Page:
An underlying blood disorder may be revealed by the appearance of red spots or blotches on the skin.

Medically termed purpura, the condition is common in older people, in whom it is usually a harmless consequence of the skin's aging, said Dr. Alec Goldenberg, a specialist in blood disorders at New York University Medical Center.In younger people, purpura is much rarer and is sometimes a warning sign of a blood disorder.

"Purpura is a catchall term for bleeding into the skin," Goldenberg said. "It generally appears as red spots or small patches."

Purpura is caused either by ruptures in the tiny blood vessels that lie underneath the skin, or, more seriously, by thrombocytopenia, an abnormal shortage of platelets, the blood cells essential to the clotting process.

"Thrombocytopenia can occur as a result of the body's forming antibodies to its own platelets," Goldenberg said.

Purpura can also be a symptom of certain infections, an allergic reaction to medications or leukemia.

The most common type of purpura, which affects older people, is generally harmless. "It is thought that as the skin ages, it becomes thinner and more brittle," Goldenberg explained. "Pressure can cause tiny blood vessels to rupture and leak blood into the skin."

The blotches, which may be as large as 5 centimeters (2 inches) across, may appear anywhere on the body but are generally on the legs or the backs of the hands.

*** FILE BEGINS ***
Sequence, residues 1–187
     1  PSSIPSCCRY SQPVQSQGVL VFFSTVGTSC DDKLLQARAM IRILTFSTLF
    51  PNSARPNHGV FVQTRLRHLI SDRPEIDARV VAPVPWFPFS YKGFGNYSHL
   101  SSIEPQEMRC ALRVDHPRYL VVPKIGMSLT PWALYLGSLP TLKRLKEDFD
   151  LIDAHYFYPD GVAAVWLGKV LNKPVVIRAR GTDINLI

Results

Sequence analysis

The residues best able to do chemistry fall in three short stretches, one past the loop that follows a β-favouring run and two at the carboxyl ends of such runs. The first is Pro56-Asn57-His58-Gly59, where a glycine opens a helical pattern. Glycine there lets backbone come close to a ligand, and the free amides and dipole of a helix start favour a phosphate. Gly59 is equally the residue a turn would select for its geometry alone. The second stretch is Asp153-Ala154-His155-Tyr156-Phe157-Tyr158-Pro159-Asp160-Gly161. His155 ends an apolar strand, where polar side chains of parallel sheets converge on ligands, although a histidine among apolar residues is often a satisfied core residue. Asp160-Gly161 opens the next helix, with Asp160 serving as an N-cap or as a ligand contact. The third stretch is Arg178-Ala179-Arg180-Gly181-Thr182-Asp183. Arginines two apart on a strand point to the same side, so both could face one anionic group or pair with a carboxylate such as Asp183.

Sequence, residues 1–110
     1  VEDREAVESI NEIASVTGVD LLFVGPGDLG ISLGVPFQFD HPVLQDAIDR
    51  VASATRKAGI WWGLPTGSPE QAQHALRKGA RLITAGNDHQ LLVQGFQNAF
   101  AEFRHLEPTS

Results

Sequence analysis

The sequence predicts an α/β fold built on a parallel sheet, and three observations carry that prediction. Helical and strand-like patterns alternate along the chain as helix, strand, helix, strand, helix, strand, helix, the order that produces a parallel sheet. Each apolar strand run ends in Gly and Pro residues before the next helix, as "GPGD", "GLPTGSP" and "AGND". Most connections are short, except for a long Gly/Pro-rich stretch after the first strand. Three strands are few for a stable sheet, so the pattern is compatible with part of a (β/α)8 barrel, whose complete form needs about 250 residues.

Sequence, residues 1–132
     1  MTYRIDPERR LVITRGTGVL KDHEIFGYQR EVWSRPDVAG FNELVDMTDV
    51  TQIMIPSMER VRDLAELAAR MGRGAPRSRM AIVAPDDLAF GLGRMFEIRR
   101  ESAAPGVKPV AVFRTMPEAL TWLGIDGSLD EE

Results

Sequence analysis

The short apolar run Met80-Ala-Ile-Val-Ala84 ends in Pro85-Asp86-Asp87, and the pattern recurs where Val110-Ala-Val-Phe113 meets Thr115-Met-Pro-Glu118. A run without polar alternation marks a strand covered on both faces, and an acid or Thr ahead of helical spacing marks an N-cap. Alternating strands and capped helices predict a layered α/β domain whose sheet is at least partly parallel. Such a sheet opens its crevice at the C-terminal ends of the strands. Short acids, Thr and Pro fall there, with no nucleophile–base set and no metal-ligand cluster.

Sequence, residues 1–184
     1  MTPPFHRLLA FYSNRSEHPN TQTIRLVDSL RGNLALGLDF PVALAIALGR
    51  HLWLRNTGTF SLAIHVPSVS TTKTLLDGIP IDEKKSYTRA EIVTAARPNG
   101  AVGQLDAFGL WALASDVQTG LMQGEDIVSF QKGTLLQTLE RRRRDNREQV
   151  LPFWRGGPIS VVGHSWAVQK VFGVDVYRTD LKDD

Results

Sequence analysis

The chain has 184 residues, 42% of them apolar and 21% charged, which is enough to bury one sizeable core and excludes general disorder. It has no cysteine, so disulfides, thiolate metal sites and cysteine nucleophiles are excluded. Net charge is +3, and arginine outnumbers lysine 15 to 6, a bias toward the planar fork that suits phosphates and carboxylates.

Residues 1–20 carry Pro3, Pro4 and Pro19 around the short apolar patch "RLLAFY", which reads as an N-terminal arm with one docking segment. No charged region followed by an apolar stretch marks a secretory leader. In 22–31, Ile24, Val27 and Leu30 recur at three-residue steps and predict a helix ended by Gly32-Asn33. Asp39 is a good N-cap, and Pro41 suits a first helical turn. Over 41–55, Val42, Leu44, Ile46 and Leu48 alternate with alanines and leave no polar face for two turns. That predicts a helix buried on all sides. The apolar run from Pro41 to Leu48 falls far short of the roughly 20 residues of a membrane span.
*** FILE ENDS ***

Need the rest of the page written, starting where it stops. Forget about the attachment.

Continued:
More spots are likely to develop with age because the loss of protective skin tissue is irreversible and usually untreatable.

A medical history and physical examination can often rule out an underlying blood disorder. "A person's age, and where and how fast the purpura develops, are important clues to platelet problems," the physician said.

Blood tests for platelet counts and coagulation factors may be performed if a blood disorder is suspected.

"In older people, the rapid appearance of new purpura areas calls for evaluation," he added.

Symptoms of an underlying blood disorder include prolonged bleeding from cuts, nose bleeds, easy bruising, sores of the lip, mouth or throat and a general feeling of weakness.

Age-related purpura requires no treatment. Platelet-related purpura is treated by addressing the specific cause. If there is an immune problem, steroids may be prescribed as a countermeasure. If a drug reaction is suspected, the medication may be stopped or altered.